The second book consists largely of geographical descriptions, as the poet establishes that local attachment is a matter of universal psychology rather than something derived from the effects of living among particular kinds of objects.
Analysis of Book II: "1. We have thus discovered the efficient cause of the Local Attachment. We have noticed its universality, as influencing the brutes, and the mind of man whether uncultivated or highly polished. 2. If we take a view of the human species, as actuated by the local passion, in different climates, it will appear, that every one prefers his own country to a foreign one. 3. There is no inherent charm, therefore, in any one place as contradistinguished from another. Consequently the efficient cause of the Local Attachment is to be found in the mind as acted upon by external objects, not as external objects as acting upon the mind" (1788) 1:vi.
British Critic: "We should love particularly to dwell upon our author's old Devonian peasant, the fair counterpart of Virgil's Corycian yeoman; his Highland Chief, delineated from the colours and with the pencil of nature; and his tale of Danvert and Ellen, recited with many touches of agreeably romantic description. In description, indeed, this author peculiarly excels. He has an eye that catches the various tints at once, and a judgment that afterwards discriminates them with precision; and his present poem shows him to have a fine taste, a warm sensibility, and an elegant mind" 8 (July 1796) 84.
John Aikin: "The general design of this piece much resembles that of the very beautiful poem intitled Pleasures of Memory [by Samuel Rogers]; and, indeed, so many of the illustrations are exactly the same, as to afford some charge of too close an imitation of that popular work. It is written in the stanza of Spenser; which, according to the opinion of Dr. Darwin, is better suited to such a subject than the common heroic measure. Yet the frequency of the rhymes will always produce an intermixture of expletive, mean, and improper words; while the equality and length of the stanzas will give occasional stiffness and languor to the matter. In general, however, it is managed by the present writer with considerable skill and facility" Monthly Review NS 20 (July 1796) 67.
Critical Review: "The Local Attachment, founded on the great law of association, seems to be not unhappily chosen for a poem of this kind, — either from the importance of the principle, or the pleasing illustrations of which it is susceptible. In no country can the subject be more interesting, as the very term of 'home' is peculiarly English; the Englishman, from his retired and domestic disposition, requiring more, perhaps, than the inhabitant of most other countries, the comforts suggested by the term, and which are but aukwardly and imperfectly suggested by the 'mon chez moi,' which our neighbours have lately adopted through pure necessity. Nor do we hesitate to pronounce that the poem is executed in such a manner, as to do credit to the author, and give pleasure to his readers. The verse is always elegant, often brilliant; a great deal of pleasing descriptive poetry is happily introduced in the various illustrations which present themselves; the stanza is well managed, and free from that monotony, which in feeble hands it is apt to sink into; and, on the whole, we look upon the author, whose modesty has forbidden him to favour the public with his name, as a respectable accession to the present generation of poets.... To relieve this meagerness of plan, as usual in didactic poems, a story is introduced ["Ellen and Danvert," later published separately], and as usual also, it is an extraneous and rather a heavy addition to the poem. Nor can we subscribe to the sentiment the story is meant to illustrate; for it is not agreeable to fact, that the horror of so deep a catastrophe should endear the spot where it happened, to the surviving sufferer; and we find, that, in real life, persons who are very susceptible of impressions form the imagination, are more apt to quit an abode where a great loss has been sustained, than to grow attached to it. The remembrance of deep anguish, though past, we love not to dwell upon. Another circumstance which we cannot but notice, is, that the author, led indeed by the nature of his subject, treads too nearly in the track of another beautiful poem, which is present to the minds of most of our readers; and in the notes, he has taken, even verbatim, from those on the Pleasures of Memory. It may be said, indeed, that these illustrations were drawn from common sources: but it is impossible, nevertheless, not to believe that one was the original to the other" NS 18 (September 1796) 19-20.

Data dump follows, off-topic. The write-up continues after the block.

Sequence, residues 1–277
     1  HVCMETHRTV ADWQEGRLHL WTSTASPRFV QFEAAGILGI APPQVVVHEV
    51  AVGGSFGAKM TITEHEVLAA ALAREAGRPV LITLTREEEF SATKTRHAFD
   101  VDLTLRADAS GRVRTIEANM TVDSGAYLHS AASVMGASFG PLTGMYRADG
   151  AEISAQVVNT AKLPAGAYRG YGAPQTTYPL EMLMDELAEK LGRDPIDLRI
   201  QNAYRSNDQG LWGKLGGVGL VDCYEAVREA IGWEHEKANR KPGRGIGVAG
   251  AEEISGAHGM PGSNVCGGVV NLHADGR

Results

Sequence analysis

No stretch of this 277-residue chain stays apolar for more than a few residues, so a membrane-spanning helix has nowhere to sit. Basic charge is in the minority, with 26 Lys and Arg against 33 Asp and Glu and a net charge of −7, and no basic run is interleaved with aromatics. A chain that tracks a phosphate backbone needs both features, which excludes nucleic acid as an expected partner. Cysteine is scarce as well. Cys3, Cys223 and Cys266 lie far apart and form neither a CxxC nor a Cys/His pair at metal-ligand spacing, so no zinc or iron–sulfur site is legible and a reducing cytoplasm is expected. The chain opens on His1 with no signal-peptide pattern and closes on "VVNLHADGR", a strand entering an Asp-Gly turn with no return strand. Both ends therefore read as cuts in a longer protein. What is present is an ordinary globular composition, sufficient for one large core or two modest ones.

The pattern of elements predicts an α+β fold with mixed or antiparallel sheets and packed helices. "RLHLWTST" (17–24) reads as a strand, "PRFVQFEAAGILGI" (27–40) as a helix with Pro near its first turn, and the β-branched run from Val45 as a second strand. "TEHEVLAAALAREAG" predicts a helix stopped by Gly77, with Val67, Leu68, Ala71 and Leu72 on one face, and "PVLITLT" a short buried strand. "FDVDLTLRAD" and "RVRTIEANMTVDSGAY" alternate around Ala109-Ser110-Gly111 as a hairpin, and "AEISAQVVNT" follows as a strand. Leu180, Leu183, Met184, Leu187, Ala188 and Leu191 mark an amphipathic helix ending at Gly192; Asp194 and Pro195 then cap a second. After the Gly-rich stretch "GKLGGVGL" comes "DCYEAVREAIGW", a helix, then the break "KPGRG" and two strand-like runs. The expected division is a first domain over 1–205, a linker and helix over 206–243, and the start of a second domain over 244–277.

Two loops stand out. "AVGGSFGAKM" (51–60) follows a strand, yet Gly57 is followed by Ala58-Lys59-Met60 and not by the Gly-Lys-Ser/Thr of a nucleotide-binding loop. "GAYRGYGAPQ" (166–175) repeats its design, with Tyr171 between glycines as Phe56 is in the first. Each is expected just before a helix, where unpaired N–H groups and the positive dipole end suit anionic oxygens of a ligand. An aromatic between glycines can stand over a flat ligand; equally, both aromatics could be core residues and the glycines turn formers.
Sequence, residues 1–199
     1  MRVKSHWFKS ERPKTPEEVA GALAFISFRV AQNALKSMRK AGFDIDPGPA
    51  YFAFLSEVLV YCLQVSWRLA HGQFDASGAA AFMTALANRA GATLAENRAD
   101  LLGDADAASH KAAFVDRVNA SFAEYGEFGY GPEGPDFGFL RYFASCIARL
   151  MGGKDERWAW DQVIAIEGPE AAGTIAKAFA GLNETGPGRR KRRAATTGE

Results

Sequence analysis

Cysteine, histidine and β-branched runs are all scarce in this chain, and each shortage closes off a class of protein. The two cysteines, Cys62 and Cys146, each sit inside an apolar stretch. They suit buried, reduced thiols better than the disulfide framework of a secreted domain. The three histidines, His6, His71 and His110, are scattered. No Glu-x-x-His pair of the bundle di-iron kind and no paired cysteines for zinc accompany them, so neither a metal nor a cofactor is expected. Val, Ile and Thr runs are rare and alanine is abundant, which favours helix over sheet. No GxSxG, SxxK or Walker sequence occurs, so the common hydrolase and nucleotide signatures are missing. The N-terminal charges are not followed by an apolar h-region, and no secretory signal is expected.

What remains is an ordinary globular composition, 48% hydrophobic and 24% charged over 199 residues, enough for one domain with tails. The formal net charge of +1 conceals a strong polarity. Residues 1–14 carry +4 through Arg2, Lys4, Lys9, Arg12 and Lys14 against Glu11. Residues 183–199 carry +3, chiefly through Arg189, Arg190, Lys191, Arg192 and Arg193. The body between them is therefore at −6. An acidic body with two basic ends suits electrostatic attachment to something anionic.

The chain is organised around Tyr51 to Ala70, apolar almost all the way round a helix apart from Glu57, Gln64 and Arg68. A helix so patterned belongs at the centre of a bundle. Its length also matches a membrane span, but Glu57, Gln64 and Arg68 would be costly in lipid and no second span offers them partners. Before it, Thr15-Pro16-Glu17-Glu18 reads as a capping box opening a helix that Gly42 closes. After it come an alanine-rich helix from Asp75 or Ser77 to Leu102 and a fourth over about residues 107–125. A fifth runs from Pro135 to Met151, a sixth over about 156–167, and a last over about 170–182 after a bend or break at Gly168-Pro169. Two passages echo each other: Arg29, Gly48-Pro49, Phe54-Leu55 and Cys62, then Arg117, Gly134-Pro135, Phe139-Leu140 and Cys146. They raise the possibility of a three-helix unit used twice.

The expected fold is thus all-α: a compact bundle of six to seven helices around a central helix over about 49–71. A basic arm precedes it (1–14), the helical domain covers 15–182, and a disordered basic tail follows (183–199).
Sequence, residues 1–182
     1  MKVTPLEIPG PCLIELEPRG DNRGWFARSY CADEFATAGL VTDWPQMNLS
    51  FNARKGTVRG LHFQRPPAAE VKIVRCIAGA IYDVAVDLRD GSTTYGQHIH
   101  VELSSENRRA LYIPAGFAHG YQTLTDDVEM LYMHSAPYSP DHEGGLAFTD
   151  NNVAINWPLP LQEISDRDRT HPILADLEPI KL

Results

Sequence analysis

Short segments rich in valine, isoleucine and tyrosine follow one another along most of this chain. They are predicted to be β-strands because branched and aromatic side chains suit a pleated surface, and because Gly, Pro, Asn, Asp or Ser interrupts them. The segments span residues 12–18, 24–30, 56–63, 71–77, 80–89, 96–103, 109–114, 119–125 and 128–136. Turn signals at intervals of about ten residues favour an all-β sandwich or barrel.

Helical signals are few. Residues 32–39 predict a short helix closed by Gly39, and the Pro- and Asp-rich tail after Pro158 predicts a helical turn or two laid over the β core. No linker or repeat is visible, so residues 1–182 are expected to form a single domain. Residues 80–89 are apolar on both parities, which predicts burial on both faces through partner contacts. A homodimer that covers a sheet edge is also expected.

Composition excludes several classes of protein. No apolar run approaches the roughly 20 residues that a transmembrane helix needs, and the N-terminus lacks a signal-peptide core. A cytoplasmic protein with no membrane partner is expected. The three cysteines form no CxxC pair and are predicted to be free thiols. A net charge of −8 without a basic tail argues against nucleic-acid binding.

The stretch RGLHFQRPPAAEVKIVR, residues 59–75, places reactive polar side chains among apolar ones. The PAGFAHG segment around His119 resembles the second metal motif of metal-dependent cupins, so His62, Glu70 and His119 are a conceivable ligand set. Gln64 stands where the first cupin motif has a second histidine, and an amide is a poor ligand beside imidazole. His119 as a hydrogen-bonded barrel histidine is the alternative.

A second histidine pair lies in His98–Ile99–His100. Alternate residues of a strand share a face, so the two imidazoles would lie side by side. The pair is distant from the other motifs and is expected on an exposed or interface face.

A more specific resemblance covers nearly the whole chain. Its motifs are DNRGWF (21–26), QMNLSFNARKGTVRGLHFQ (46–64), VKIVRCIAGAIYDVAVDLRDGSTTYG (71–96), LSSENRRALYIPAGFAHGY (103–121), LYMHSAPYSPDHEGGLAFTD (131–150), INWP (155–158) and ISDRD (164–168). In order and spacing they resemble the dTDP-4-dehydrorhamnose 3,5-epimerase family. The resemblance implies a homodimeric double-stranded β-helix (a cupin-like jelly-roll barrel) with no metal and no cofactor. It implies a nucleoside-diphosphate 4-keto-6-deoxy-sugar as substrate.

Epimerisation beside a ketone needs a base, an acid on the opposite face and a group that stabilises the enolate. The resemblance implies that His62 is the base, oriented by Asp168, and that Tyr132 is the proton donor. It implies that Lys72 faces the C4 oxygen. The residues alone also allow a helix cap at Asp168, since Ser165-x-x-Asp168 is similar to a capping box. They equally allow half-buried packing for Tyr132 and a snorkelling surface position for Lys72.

Thus, then, the plastic mind my muse surveys
With forms by each external scene imprest;
As Memory, more or less, her power displays,
Or Fancy, brooking not a moment's rest,
Or those prime movers of the generous breast
The Passions: stealing sweets from all around,
They to our being give a keener zest;
While, as we wander on our native ground,
We call back former years at every sight and sound!
Behold, on beasts this fondness habit graves
Deep as the chissel'd figure grav'd on stone:
And, from the rocks where ice-clad Hecla raves
To where swart Afric pants beneath the zone,
All feel their nerves with energetic tone
Vibrate to some congenial soil, and strung
For a peculiar air. Yet, we disown
Incredulous, the storied beasts that sprung,
Each to his kindred earth, and o'er his parent hung.
Nor less, from use, the sons of reason mark
Their native skies, their heart-responding home;
Whether those skies be azure-bright, or dark
With sullen tempest; whether lordly dome
Or shed be theirs. Still, sighing deep, they roam
Far from the umbrageous grove, or village green;